Updated January 26, 2021 - 5:05 pm
The Nevada Interscholastic Activities Association on Tuesday announced it has canceled the basketball and wrestling seasons, with the possibility of having at most one day of competition.
In its announcement, the NIAA cited Gov. Steve Sisolak’s statewide pause that affected close- or full-contact sports and will run through at least Feb. 14. The winter sports season is scheduled to end Feb. 20, and the NIAA has shown no interest in moving that date to allow for competition.
For one day of competition to occur, the following would need to occur. NIAA rules require five days of practice before competition. If the statewide pause is lifted Feb. 14 and basketball and wrestling are removed from the no-play list, practice could resume Feb. 15-19 with one competition held Feb. 20.
That would provide the opportunity for schools to have a senior night for their athletes in those sports.
The NIAA has twice asked the governor’s office to reconsider wrestling and basketball’s place on the no-play list, but those requests have been rejected.
NIAA Update 20 : Full/Close Contact Sports pic.twitter.com/4VukdbX9cw
— Nevada Interscholastic Activities Association (@NIAASports) January 26, 2021
Tuesday’s announcement affects non-Clark County School District schools in Southern Nevada. CCSD canceled winter sports for its member schools Dec. 1.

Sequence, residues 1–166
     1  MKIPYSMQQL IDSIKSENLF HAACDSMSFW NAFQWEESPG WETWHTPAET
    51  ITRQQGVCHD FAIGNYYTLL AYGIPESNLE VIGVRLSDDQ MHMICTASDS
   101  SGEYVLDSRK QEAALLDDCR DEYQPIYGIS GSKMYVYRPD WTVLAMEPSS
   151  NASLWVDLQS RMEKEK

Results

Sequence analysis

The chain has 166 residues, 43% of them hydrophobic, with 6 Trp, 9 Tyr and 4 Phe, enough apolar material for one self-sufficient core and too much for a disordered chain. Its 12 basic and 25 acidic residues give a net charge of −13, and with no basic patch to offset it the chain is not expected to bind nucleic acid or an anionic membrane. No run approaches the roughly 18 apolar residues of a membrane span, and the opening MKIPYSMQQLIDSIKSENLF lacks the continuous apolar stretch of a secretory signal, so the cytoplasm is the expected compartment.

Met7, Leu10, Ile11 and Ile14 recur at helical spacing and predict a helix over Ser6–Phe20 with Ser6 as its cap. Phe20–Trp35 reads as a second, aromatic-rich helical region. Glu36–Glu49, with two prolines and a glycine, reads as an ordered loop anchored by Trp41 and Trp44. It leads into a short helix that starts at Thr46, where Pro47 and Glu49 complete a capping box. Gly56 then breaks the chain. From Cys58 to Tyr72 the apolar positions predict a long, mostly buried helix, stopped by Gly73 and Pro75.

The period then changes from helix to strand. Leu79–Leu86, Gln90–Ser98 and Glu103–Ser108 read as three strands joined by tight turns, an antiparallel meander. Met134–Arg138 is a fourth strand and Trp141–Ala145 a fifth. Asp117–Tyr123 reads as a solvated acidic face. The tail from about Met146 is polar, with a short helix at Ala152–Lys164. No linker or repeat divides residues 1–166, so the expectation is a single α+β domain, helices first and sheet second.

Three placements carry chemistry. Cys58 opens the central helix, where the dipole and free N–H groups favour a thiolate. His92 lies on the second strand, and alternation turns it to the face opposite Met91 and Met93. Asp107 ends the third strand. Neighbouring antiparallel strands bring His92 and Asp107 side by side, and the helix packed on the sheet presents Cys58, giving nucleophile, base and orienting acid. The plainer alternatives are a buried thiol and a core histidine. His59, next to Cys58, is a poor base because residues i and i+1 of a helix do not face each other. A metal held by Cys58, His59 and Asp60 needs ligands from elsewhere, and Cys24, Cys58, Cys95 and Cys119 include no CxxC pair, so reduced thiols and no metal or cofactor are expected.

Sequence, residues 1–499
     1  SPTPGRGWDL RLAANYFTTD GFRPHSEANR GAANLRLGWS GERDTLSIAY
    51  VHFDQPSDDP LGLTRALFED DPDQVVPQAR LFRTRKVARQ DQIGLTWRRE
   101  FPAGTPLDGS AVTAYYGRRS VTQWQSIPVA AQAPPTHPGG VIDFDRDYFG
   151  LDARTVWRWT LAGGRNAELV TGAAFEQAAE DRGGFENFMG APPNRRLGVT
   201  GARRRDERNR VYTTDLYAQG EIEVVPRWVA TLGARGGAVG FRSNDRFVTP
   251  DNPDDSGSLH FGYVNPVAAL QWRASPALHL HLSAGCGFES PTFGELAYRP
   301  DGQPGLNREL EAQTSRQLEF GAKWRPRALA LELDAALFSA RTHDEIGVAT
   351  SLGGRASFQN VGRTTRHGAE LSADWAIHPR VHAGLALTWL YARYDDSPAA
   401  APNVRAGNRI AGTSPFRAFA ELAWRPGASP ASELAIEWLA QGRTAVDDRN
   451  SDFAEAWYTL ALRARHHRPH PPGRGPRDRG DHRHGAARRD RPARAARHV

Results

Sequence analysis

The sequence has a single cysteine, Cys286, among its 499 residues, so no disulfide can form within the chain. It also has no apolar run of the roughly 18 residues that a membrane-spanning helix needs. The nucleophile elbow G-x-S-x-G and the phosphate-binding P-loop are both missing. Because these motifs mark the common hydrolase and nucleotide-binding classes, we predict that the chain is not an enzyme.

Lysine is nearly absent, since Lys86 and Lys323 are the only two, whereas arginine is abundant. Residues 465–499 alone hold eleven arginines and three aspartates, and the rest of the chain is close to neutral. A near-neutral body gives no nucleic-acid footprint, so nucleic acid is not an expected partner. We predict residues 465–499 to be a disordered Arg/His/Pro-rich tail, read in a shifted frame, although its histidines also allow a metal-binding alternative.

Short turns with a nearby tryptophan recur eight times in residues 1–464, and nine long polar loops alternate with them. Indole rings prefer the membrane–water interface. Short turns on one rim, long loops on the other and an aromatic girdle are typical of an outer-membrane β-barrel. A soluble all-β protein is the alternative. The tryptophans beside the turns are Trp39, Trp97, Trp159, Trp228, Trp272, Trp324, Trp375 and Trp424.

The flag football season is underway for non-CCSD schools in Southern Nevada, while skiing meets are being held in the northern part of the state.
“I think we had already been resolvedto the fact that it was going to be a difficult for us to get a wrestling and basketball season in,” SLAM! Nevada athletic director Mike Cofer said of Tuesday’s announcement.
SLAM! Nevada has built one of the top Class 3A wrestling programs in the state in its four years of existence.
The Bulls finished second at last year’s state meet and had individual state champions in seven weight classes. They hoped to take the final step and end Spring Creek High’s four-year reign atop the state.
“We had high hopes and high expectations for the wrestling program,” Cofer said. “It’s hugely disappointing for the coaches, kids and families who felt like they had built something special that would set the traditions and some foundations, and be the standard-bearer for our school, boys and girls.”
Lake Mead Academy’s boys basketball team was hoping to play in a competitive 2A Southern League with teams like Lincoln County and The Meadows that all had state championship aspirations.
Lake Mead coach Jeff Newton said he’s holding out hope not only to play for one day but to have a semblance of a league schedule outside the confines of the NIAA season, once the governor’s restrictions are lifted.
“We absolutely would want to do something like (senior night),” Lake Mead boys basketball coach Jeff Newton said. “We would do it in a heartbeat. But we’re not really holding out hope for one day. We’d want to play the best teams in our league.”